/// A reader that can independently read from the backend.
pub struct BackendReaderL2M<'a>{
    /// The reference to the backend
    data: &'a Vec<usize>,
    /// Bit offset in the stream
    offset: usize,
}

impl<'a> Reader for BackendReaderL2M<'a> {
    /// Sample implementation (not important for the problem)
    /// Read bits from LSB to MSB in each word
    fn read_bit(&mut self) -> bool {
        const BITS_IN_WORD: usize = core::mem::size_of::<usize>();
        let current_word = self.data[self.offset / BITS_IN_WORD];
        let aligned_word = current_word >> (self.offset % BITS_IN_WORD)
        self.offset += 1;
        (aligned_word & 1) != 0
    }
}

and this is the sample VecBackend implementation:

/// Sample Backend that represents an in-RAM vector
pub struct VecBackend(Vec<usize>);

/// The problematic bit
impl<'a> GetReader<BackendReader<'a>> for VecBackend {
    fn get_reader(&self) -> ReaderType {
        BackendReader{
            data: &self.data,
            offset: 0,
    }
}

The problem

is that the trait definition implies that the type of get_reader is :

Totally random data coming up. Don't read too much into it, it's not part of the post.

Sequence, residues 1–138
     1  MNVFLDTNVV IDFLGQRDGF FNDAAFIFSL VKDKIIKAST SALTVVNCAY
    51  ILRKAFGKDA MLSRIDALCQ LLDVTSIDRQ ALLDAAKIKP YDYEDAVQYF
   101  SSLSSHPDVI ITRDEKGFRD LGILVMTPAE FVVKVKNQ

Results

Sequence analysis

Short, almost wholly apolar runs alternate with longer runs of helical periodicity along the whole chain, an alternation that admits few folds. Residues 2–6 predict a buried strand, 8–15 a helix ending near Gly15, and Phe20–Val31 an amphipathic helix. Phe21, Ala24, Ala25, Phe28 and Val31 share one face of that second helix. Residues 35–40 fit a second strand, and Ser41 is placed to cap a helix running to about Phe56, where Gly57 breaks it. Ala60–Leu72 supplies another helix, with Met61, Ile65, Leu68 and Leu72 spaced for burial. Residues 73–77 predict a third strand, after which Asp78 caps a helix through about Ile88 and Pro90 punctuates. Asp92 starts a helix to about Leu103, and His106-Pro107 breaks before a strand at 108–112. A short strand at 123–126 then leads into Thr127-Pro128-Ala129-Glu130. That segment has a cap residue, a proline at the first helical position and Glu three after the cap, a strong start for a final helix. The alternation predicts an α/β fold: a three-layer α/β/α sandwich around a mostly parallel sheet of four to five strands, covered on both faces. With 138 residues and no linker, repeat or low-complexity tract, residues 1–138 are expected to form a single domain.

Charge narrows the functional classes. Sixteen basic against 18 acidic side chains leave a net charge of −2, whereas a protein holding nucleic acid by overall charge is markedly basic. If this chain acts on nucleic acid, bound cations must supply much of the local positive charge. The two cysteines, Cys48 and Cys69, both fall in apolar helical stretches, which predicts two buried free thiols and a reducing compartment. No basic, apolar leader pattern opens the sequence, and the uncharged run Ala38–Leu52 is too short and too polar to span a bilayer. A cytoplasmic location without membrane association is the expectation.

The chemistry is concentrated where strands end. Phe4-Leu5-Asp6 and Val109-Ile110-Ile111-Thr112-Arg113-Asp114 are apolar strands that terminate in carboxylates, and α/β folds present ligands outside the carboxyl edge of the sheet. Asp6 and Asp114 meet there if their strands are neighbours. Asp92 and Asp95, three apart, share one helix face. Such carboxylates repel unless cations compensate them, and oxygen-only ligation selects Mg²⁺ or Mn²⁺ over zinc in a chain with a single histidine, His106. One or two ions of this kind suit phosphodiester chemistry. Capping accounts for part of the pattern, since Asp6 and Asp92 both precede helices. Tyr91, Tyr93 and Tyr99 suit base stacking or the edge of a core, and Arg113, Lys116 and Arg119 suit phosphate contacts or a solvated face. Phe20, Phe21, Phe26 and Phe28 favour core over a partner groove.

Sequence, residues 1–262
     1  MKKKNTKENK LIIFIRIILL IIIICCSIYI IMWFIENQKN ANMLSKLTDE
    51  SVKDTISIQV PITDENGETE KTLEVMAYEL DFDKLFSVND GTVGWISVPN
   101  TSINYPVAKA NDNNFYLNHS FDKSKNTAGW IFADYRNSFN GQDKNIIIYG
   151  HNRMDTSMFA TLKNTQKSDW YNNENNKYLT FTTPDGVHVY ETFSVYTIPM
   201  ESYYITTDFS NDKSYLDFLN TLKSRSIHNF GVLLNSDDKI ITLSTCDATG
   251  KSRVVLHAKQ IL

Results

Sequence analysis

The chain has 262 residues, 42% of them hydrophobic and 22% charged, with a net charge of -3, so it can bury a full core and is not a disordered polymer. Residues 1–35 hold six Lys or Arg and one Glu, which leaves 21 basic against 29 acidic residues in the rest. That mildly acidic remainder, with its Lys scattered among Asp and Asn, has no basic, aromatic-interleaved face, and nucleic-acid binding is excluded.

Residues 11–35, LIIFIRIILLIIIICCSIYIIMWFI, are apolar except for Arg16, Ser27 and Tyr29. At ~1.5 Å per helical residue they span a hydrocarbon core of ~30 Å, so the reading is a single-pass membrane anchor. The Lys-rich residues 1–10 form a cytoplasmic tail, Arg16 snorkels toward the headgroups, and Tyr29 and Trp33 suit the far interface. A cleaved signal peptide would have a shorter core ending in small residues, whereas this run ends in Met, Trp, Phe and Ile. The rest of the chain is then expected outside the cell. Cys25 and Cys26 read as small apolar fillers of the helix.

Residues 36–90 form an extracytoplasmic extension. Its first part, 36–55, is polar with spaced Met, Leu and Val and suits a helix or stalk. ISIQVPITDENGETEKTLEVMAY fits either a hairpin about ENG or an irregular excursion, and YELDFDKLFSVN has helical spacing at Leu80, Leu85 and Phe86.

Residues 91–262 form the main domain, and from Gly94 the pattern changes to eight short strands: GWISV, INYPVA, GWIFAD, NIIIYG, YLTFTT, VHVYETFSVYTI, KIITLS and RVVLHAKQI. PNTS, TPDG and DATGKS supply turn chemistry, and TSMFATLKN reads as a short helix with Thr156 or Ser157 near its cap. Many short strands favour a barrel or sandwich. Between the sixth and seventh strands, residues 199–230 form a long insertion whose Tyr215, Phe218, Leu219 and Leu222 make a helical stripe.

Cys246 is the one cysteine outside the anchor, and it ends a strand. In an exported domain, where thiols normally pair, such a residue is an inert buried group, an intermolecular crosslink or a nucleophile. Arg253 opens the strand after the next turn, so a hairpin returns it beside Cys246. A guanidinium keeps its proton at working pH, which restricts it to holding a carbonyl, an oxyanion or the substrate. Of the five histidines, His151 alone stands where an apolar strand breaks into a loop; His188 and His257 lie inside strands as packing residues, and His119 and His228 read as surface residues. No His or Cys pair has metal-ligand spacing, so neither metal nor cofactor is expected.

fn get_reader(&'1 VecBackend) -> BackendReaderL2M<'2>

but the implementation is:

fn get_reader(&'1 VecBackend) -> BackendReaderL2M<'1>

because &self.data will have the same lifetime of &self so '_.

What I Tried

So I would like to constraint the returned type to have the same lifetime as Self (or a lifetime bounded by it), something like:

pub trait GetReader<ReaderType> 
where
    ReaderType: Reader
{
   /// Returns a new reader initialized at the start of the stream
    fn get_reader(&'_ self) -> ReaderType + '_;
}

but it doesn't work.

I also tried to add a lifetime that's constrained to outlive Self but I didn't have any luck:

pub trait GetReader<'r, ReaderType> 
where
    ReaderType: Reader + 'r,
    Self: 'r,
{
   /// Returns a new reader initialized at the start of the stream
    fn get_reader(&self) -> ReaderType;
}

Conclusion

Thanks to anyone that might help.
It's my first post on the forum so I hope to have correctly followed the rules (sorry if I missed something!).

Well, this is not simple to do in its full generality. However, you can fix the immediate error by stating that the lifetime of any pointers in the return type must be tied to the lifetime of the &self reference. The syntax for that is:

pub trait GetReader<'a, ReaderType>